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Bin Laden's relatives get short prison sentence

ISLAMABAD — A Pakistani court on Monday convicted Osama bin Laden's three widows and two of his daughters of illegally entering and living in the country and sentenced them to 45 days in prison, with credit for time served, their lawyer said.

The five women have been in detention since last May when U.S. commandos killed the al-Qaida chief at the walled three-story compound in the Pakistani town of Abbottabad where he had been living with his family for six years.

Pakistani authorities formally arrested the women on March 3, so they will serve another two weeks in prison and then will be deported to their home countries along with the family's younger children, said their lawyer, Mohammed Amir Khalil.

The case treads on a number of sensitive issues for Pakistan. The army faced rare domestic criticism following the U.S. raid that killed the al-Qaida chief because they were powerless to stop it. Citizens also said bin Laden's presence in the country for so long either pointed to the military's incompetence or complicity.

Two of the widows are Saudi and one is Yemeni, Khalil said. Khalil said Yemen has consented to the return, but he is still in discussions with Saudi officials. Saudi Arabia stripped bin Laden of his citizenship in 1994 because of his verbal attacks against the Saudi royal family.

The five women were also ordered to pay a fine of about $110 each, which has already been done, said Khalil. The lawyer does not plan to appeal the court's ruling.

Islamabad was outraged by the U.S. raid that killed bin Laden because it was not told about it beforehand. Pakistani officials have said they had no idea the al-Qaida chief was in Abbottabad, something many in Washington found hard to believe because his compound was located close to Pakistan's equivalent of West Point.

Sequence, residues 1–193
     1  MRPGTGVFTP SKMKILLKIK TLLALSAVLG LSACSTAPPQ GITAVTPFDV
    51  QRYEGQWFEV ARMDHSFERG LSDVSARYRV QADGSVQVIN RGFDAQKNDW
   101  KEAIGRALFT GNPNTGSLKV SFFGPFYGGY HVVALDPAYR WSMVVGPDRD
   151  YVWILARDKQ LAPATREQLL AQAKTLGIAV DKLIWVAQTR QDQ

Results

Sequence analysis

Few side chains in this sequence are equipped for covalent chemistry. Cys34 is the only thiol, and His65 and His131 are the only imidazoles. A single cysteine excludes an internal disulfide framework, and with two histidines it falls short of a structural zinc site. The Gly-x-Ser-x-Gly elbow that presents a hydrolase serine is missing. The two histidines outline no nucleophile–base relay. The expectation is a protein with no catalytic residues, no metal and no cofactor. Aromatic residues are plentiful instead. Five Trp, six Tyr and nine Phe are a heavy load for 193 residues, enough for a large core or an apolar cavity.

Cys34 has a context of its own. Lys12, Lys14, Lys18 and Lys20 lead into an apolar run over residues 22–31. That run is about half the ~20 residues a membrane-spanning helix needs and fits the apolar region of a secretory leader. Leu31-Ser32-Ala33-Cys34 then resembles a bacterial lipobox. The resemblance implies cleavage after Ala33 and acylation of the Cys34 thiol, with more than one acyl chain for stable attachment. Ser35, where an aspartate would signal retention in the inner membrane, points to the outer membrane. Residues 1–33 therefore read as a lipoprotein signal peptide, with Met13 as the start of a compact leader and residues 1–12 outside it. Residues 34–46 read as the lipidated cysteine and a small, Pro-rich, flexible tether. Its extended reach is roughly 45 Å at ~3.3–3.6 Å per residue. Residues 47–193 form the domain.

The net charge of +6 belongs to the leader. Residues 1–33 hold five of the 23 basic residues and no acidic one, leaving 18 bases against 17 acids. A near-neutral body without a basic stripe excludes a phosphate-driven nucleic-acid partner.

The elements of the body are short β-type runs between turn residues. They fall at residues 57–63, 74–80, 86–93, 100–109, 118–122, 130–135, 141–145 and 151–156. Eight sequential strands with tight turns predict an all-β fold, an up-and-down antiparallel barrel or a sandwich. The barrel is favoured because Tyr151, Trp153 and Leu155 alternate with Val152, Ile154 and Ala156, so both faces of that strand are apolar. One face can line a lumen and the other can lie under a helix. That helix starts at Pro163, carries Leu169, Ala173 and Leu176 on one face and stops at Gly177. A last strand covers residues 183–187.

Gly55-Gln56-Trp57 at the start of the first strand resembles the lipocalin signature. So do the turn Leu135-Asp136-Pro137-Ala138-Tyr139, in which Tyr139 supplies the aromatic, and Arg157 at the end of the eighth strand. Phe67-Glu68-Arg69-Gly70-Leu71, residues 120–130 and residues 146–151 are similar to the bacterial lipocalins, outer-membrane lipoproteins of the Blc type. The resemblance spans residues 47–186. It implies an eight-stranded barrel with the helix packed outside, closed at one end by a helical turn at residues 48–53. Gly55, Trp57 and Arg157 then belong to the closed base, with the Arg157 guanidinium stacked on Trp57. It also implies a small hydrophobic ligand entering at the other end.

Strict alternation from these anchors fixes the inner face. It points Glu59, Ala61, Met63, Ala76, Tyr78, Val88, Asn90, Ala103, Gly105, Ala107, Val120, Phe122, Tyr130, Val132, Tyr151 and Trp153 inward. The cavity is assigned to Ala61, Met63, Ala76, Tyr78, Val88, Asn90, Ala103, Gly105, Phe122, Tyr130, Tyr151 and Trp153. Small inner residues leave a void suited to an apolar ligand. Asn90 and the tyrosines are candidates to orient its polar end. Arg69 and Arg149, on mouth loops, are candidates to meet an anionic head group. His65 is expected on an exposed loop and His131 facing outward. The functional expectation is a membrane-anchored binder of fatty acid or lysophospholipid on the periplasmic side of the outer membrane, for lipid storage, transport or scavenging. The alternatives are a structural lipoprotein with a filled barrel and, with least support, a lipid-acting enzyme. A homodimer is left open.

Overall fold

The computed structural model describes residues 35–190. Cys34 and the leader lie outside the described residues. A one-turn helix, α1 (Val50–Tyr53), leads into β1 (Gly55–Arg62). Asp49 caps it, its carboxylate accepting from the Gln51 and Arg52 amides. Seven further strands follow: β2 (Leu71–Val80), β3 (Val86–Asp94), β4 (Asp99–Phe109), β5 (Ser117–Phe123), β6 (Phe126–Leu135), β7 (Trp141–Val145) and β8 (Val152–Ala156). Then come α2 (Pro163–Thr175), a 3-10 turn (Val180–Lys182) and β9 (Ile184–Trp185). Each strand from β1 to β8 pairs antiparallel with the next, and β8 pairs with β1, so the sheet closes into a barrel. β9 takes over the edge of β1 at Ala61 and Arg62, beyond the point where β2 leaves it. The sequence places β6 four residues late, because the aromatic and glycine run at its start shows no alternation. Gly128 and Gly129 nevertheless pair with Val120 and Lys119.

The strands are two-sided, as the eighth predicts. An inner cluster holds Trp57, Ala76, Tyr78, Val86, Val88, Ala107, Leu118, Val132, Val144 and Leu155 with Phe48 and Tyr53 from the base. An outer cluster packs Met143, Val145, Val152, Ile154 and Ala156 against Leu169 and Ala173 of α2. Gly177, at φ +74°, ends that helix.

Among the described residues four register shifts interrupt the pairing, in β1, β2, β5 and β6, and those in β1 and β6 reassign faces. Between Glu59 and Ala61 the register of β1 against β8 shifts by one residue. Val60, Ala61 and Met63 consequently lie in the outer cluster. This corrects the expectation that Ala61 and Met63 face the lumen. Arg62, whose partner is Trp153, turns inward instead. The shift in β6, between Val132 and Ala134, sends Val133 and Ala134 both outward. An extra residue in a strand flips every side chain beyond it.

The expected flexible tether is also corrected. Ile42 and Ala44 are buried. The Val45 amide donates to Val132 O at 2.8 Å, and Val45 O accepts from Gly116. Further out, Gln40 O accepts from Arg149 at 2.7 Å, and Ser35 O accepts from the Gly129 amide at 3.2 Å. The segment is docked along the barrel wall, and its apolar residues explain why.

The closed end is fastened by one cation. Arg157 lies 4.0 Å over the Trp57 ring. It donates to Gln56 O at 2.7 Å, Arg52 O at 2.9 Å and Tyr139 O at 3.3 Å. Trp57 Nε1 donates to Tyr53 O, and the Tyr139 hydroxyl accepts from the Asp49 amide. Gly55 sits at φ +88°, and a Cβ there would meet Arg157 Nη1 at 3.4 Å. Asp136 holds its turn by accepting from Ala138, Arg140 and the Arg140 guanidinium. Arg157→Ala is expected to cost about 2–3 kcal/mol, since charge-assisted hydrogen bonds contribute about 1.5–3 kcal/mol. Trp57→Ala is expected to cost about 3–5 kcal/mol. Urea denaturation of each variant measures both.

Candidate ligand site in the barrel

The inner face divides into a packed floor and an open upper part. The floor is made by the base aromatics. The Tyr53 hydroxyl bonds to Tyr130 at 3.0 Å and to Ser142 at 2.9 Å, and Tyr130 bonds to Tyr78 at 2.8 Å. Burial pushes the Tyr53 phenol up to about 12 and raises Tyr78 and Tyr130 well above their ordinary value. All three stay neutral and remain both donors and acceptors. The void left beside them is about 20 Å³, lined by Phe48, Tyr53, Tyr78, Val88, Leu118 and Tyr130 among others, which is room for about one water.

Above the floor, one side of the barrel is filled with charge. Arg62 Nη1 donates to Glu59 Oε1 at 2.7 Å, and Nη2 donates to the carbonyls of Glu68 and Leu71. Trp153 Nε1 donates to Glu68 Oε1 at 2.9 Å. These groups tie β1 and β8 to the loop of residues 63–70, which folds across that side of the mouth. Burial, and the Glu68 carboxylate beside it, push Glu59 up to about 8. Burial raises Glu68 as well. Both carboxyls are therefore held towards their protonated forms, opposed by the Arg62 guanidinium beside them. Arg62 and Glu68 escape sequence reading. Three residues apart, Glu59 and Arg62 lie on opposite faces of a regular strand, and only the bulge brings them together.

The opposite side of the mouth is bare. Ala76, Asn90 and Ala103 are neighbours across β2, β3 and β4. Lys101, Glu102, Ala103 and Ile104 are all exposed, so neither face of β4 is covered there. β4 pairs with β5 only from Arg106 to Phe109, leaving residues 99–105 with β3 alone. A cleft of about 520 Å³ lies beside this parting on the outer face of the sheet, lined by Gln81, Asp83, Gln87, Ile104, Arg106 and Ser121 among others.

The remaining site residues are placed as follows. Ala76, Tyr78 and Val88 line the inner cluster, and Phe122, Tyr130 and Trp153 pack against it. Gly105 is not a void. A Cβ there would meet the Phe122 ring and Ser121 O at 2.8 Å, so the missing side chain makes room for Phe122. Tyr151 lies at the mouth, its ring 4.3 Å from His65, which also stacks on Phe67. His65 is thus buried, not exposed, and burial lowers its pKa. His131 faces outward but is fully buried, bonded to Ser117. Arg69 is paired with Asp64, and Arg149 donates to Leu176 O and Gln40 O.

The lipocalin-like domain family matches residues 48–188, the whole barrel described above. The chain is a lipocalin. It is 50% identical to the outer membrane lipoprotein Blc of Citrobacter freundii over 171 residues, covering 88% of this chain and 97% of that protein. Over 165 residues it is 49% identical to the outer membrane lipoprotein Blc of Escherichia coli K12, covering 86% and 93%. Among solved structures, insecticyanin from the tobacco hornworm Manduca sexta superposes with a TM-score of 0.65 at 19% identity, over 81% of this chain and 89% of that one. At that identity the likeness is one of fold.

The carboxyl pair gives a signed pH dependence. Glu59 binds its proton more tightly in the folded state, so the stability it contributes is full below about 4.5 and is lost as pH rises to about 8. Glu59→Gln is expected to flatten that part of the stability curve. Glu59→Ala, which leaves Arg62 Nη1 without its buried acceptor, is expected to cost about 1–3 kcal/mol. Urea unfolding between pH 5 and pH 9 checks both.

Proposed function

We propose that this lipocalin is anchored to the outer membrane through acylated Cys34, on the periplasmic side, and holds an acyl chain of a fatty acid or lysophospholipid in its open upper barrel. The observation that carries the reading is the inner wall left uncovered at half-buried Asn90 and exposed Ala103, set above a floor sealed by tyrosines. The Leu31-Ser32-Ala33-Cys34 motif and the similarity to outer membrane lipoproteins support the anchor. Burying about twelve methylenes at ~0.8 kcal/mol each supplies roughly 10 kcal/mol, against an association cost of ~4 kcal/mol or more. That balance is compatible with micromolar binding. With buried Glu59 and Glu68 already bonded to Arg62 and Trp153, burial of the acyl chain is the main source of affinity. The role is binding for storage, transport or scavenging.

The U.S. has not found any evidence indicating senior Pakistani officials knew of bin Laden's whereabouts.

But details uncovered recently from the interrogation of his 30-year-old Yemeni wife, Amal Ahmed Abdel-Fatah al-Sada, raised fresh questions about how bin Laden was able to remain undetected for so long in Pakistan after the Sept. 11, 2001 attacks, despite being the subject of a massive international manhunt.

After leaving Afghanistan, bin Laden lived in five safe houses over the course of nine years while on the run in Pakistan and fathered four children — two of them born in government hospitals, according to al-Sada's interrogation report, which was obtained by The Associated Press.

Al-Sada's account says she flew to Pakistan in 2000 and traveled to Afghanistan where she married bin Laden before the Sept. 11 attacks.

After that, the family "scattered" and she traveled to Karachi in Pakistan. She later met up with bin Laden in Peshawar and then moved to the Swat Valley, where they lived in two houses. They moved one more time before settling in Abbottabad in 2005.

The compound in Abbottabad was a crowded place, with 28 residents — including the 54-year-old bin Laden, his three wives, eight of his children and five of his grandchildren, according to Brig. Shaukat Qadir, a retired Pakistani army officer who spent months researching the bin Laden raid and said he was given access to interrogation transcripts.

The bin Laden children ranged in age from his son Khaled, who was in his 20s and was killed in the raid, to a 3-year-old born during their time in Abbottabad, said Qadir. Bin Laden's courier, the courier's brother and their wives and children also lived in the compound.

There was tension between bin Laden's youngest wife, al-Sada, and his oldest, Khairiah Saber, who arrived in Abbottabad in early 2011 after being held in Iran for about a decade, the brigadier said. Some in the family were convinced Saber intended to betray the al-Qaida leader.

There is no evidence Khairiah Saber had any role in bin Laden's end. U.S. officials have said his courier inadvertently led the CIA to the Abbottabad villa after they overheard him in a monitored phone call.